Alan's War

Alan's War


By (author) Emmanuel Guibert

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  • Publisher: FIRST SECOND
  • Format: Paperback | 292 pages
  • Dimensions: 166mm x 246mm x 26mm | 640g
  • Publication date: 5 December 2008
  • Publication City/Country: New Milford
  • ISBN 10: 1596430966
  • ISBN 13: 9781596430969
  • Edition: 26
  • Edition statement: Twenty-Sixth.
  • Illustrations note: chiefly col. Illustrations
  • Sales rank: 87,015

Product description

"When I was eighteen, Uncle Sam told me he'd like me to put on a uniform and go off to fight a guy by the name of Adolf. So I did."When Alan Cope joined the army and went off to fight in World War II, he had no idea what he was getting into. This graphic memoir is the story of his life during wartime, a story told with poignant intimacy and matchless artistry. Across a generation, a deep friendship blossomed between Alan Cope and author/artist Emmanuel Guibert. From it, Alan's War was born - a graphic novel that is a deeply personal and moving experience, straight from the heart of the Greatest Generation - a unique piece of WWII literature and a ground-breaking graphic memoir.

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Author information

Emmanuel Guibert has written a great many graphic novels for readers young and old, among them the "Sardine in Outer Space" series and "The Professor's Daughter" with Joann Sfar.In 1994, a chance encounter with an American World War II veteran named Alan Cope marked the beginning of a deep friendship and the birth of a great biographical epic.Another of Guibert's recent works is "The Photographer." Showered with awards, translated around the world and soon to come from First Second books, it relates a Doctors Without Borders mission in 1980's Afghanistan through the eyes of a great reporter, the late Didier Lefevre.Guibert lives in Paris with his wife and daughter."

Review quote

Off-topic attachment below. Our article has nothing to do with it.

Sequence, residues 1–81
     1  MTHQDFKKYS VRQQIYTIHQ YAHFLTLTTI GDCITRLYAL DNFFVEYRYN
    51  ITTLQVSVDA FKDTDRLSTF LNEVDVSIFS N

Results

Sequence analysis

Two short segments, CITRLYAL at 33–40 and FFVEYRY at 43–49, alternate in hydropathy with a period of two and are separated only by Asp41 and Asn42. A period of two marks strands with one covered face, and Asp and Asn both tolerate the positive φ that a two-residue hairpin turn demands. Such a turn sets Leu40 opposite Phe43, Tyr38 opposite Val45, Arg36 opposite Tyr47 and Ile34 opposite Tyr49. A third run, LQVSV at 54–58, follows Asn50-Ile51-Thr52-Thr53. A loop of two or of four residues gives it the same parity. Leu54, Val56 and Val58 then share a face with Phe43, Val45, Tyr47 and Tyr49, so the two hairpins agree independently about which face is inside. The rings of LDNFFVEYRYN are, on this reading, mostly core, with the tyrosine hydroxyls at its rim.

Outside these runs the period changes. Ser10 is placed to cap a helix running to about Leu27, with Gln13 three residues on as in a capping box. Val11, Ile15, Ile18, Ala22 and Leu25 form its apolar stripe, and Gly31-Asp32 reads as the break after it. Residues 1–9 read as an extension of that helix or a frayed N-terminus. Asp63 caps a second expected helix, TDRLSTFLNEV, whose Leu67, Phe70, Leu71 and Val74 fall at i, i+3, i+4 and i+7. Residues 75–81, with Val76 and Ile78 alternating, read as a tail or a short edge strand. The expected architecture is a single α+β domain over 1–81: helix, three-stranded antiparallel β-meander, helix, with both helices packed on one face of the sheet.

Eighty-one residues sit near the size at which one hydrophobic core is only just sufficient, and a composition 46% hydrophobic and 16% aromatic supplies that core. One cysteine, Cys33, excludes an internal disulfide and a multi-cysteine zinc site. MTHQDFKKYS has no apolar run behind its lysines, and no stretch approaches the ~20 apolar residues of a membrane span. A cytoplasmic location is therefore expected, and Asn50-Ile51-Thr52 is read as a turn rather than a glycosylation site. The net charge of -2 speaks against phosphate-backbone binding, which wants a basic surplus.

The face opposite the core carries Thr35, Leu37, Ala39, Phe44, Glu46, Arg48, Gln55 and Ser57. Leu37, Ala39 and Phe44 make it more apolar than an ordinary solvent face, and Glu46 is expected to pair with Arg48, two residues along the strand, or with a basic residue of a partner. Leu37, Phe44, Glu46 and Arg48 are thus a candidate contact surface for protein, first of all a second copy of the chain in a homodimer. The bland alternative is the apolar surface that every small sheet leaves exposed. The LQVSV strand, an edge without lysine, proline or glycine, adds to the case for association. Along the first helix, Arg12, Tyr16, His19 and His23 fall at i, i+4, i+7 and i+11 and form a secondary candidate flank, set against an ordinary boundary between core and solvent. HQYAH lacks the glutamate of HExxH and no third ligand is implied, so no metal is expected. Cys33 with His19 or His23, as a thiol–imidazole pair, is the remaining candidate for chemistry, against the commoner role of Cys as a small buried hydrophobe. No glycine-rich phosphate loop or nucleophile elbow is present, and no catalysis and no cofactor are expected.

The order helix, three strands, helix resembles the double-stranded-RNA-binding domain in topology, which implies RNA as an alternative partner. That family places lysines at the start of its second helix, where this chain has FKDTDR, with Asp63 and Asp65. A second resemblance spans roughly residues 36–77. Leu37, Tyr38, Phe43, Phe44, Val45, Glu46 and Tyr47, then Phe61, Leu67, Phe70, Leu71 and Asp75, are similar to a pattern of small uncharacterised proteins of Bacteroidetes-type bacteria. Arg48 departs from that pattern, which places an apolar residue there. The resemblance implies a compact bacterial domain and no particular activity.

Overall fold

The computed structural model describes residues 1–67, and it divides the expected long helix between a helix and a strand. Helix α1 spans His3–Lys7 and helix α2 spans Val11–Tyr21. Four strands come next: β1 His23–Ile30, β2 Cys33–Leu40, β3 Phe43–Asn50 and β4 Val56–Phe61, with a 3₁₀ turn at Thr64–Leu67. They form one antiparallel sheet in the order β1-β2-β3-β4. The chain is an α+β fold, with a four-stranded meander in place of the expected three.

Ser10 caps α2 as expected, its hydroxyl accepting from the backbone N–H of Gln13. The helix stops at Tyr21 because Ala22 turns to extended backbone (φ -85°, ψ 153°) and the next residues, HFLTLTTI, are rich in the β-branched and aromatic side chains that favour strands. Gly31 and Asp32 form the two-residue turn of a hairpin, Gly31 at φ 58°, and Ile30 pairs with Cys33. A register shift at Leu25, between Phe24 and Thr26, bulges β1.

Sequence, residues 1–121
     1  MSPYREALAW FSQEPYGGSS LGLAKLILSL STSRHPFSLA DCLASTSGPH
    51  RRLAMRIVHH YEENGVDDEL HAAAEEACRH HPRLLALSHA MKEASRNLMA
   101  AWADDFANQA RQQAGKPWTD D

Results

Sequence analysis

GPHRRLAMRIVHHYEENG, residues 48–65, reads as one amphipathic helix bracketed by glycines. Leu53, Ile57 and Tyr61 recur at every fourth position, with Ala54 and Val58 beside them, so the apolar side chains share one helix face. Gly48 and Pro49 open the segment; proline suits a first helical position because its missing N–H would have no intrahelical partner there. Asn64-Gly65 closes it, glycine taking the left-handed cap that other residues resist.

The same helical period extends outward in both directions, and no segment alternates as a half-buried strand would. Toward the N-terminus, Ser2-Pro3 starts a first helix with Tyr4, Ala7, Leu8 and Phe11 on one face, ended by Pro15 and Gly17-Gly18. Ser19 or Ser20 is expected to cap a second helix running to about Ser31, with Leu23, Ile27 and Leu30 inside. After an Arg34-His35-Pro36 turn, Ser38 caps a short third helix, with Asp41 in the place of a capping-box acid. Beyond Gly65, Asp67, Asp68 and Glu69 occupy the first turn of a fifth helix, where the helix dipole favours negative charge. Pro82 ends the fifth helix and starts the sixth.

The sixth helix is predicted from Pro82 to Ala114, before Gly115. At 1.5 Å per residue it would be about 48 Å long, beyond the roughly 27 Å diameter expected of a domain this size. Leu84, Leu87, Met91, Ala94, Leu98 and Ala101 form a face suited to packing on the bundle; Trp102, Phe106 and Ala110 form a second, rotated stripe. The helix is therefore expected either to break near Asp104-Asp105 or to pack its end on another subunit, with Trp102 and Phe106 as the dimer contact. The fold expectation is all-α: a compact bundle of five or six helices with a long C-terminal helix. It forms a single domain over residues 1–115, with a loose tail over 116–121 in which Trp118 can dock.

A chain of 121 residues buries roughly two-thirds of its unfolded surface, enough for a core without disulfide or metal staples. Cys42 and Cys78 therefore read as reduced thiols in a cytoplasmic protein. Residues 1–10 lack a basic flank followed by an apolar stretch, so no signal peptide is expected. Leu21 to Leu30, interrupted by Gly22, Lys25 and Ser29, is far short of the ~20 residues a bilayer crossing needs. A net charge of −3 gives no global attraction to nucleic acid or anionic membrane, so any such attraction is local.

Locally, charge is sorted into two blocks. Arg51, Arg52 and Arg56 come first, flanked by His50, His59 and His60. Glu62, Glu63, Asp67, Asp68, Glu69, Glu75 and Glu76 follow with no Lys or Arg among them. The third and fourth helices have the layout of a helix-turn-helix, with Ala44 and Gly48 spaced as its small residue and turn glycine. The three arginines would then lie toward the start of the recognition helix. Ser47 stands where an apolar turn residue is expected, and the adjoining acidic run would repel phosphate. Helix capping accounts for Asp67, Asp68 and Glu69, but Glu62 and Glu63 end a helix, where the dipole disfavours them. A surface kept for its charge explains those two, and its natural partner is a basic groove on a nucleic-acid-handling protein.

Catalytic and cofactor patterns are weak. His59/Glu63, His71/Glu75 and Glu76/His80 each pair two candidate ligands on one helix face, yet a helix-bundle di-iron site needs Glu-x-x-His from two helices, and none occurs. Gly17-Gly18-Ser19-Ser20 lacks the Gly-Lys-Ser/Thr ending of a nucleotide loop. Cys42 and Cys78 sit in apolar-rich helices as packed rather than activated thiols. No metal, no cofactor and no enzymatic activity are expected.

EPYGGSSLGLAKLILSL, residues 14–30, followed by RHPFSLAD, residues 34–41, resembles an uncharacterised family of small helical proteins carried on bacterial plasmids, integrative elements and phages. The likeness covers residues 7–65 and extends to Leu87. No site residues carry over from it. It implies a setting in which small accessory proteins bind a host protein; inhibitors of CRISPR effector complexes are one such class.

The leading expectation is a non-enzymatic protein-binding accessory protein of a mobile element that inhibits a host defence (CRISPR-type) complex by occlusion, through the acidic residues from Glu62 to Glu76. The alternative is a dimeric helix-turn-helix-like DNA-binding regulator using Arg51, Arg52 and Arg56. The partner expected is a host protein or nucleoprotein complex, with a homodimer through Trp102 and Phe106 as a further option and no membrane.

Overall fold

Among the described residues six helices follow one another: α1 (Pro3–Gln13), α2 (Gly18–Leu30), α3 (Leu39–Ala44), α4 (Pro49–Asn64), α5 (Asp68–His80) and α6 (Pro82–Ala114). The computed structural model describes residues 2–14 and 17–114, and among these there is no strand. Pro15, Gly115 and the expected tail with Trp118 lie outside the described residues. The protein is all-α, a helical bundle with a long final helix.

Gr 10 Up-Cope was a paper delivery boy in California in 1941 when Pearl Harbor was bombed. A couple of years later, at 18, he was drafted into the U.S. Army and shipped off to Europe. In 1994, he met cartoonist Guibert and recounted his wartime experiences and what he'd thought of them during the intervening years. The resulting book-published in France a year after Cope's death in 1999-puts readers nearly inside the skin of a young man who learns to deal with Army regulations, a number of Western cultures, friendships, and what turned out to be a lifelong exploration of life's possible meanings. Guibert allows Cope to speak directly from the pages, where the images he is describing unfold in small, neat panels in which grays, black line, and open white space provide details of expression, furnishings, the open countryside, and military equipment. Guibert and Cope are well matched and compelling as storytellers. There is no central dramatic moment here-Cope's major wartime work involved neither attacks nor defenses-but the complete honesty offers insights and answers often omitted in war stories. Cope becomes so real that, as he ages across the final quarter of the book, teens will stay involved with how his youthful experiences and ideals colored his mature choices and memories.--Francisca Goldsmith, Halifax Public Libraries, Nova Scotia "School Library Journal "